• Both Medicare and Medicaid would see massive disruption, since striking down the ACA would reverse changes to how Medicare pays plans and providers and how state Medicaid programs determine eligibility.
  • Medicare beneficiaries would face higher costs for prescription drugs, because striking down the ACA would reopen the Medicare “donut hole.”

If the courts threw out only parts of the law, the result would be nearly as devastating. For example, allowing insurers to again discriminate based on health status would put coverage at risk for millions of people who could be charged more, denied coverage for certain diagnoses, or blocked from individual market coverage altogether because they have certain health conditions. Eliminating ACA protections could also allow insurers to charge higher premiums to women and people in certain occupations, allow pre-existing conditions exclusions to return for people with employer coverage, and make premium tax credits nearly impossible to administer, raising questions about how they would continue.

Legal Experts Across Political Spectrum Call Case “Absurd,” “Ludicrous”

Two judges on the Fifth Circuit panel, appointed by Presidents Trump and George W. Bush, appeared sympathetic to the plaintiff states’ and Administration’s arguments. But legal experts — including experts opposed to the ACA and who supported other legal challenges to the law — almost uniformly agree that the arguments in this case are “absurd” or “ludicrous.” Two Republican state attorneys general (from Montana and Ohio) submitted an amicus brief stating that “to describe [the plaintiffs’ position] is to refute it.” Republican Senator Lamar Alexander described the Administration’s position as “as far-fetched as any I’ve ever heard.”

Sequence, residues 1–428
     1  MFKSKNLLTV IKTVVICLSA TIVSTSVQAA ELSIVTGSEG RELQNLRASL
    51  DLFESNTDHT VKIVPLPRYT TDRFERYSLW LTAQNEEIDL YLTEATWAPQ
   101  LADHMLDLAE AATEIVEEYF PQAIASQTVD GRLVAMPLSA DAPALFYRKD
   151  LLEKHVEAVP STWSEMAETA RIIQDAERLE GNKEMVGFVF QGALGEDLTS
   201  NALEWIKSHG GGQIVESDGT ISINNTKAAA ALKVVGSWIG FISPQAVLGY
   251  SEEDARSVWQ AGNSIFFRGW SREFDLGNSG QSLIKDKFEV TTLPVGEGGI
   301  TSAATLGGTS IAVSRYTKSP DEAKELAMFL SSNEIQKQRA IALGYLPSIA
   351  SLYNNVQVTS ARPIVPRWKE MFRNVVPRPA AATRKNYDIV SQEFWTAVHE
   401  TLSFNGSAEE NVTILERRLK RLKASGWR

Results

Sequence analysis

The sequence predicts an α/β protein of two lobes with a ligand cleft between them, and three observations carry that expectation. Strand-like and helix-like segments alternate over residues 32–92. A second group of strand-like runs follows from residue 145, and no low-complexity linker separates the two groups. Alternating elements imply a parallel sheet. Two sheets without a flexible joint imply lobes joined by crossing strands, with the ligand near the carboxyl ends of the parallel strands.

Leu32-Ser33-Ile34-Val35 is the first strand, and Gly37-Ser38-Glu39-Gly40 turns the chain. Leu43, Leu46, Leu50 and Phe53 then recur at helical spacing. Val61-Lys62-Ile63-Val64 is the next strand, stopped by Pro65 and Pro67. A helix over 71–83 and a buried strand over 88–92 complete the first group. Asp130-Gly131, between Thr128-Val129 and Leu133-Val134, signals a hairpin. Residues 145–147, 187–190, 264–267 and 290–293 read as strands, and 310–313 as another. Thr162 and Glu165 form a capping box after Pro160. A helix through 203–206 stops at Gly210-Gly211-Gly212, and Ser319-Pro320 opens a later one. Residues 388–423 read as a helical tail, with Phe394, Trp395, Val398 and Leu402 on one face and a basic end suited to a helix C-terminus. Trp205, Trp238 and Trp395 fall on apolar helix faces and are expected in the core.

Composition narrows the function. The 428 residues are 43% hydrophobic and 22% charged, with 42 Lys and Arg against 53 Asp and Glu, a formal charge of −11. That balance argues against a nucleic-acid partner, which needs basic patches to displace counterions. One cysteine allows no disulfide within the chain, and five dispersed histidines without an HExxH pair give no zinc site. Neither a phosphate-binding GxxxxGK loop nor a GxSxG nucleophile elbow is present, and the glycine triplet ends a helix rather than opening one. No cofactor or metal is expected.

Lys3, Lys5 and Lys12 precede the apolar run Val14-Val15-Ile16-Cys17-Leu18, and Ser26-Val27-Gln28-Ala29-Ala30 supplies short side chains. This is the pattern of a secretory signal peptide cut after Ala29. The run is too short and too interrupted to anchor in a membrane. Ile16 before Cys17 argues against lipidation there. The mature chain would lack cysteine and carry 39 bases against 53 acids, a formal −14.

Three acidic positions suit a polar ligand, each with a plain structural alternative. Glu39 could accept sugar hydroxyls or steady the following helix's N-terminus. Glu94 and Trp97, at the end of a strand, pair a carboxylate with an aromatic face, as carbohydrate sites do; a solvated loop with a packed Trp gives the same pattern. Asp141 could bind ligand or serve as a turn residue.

While there are various problems with the plaintiffs’ argument, the central one is that it ignores Congress’s unambiguous decision to zero out the individual mandate while leaving the rest of the ACA intact. Texas and the Trump Administration argue that the individual mandate is so central to the ACA or its pre-existing condition exclusion that, without it, some or all of the law must be struck down. But while the Congress that passed the ACA said the mandate was important for the reformed insurance market to function, the Congress that zeroed out the penalty decided to keep the other provisions in place — and longstanding legal principles say that Congress, not the court, gets to make that decision. A group of legal scholars, including some who have opposed the ACA in previous challenges, filed a brief making this point.

Major Stakeholders Have Highlighted Catastrophic Effects on the Health System

A diverse group of stakeholders have weighed in to strongly oppose the plaintiffs’ request for an immediate halt to enforcement of the ACA (preliminary injunction) and to counter Texas’ substantive claims. Appellate briefs were filed by:

In addition, economists explained to the court the economic repercussions if Texas’ argument prevails, and Small Business Majority weighed in on the impact on its members.

States Suing for Immediate End to ACA States Defending ACA
Alabama Nebraska California Minnesota
Arkansas North Dakota Colorado Nevada
Arizona South Carolina Connecticut New Jersey
Florida South Dakota District of Columbia New York
Georgia Tennessee Delaware North Carolina
Indiana Texas Hawaii Oregon
Kansas Utah Illinois Rhode Island
Louisiana West Virginia Iowa Vermont
Maine Wisconsin Kentucky Virginia
Mississippi   Massachusetts Washington
Missouri  

Michigan

 

Note: Strikethrough indicates states that have removed themselves from the suit. Italics indicate states joining after the initial filing. Republican attorneys general from Montana and Ohio filed an amicus brief arguing that the mandate is unconstitutional but severable.

November 4, 2019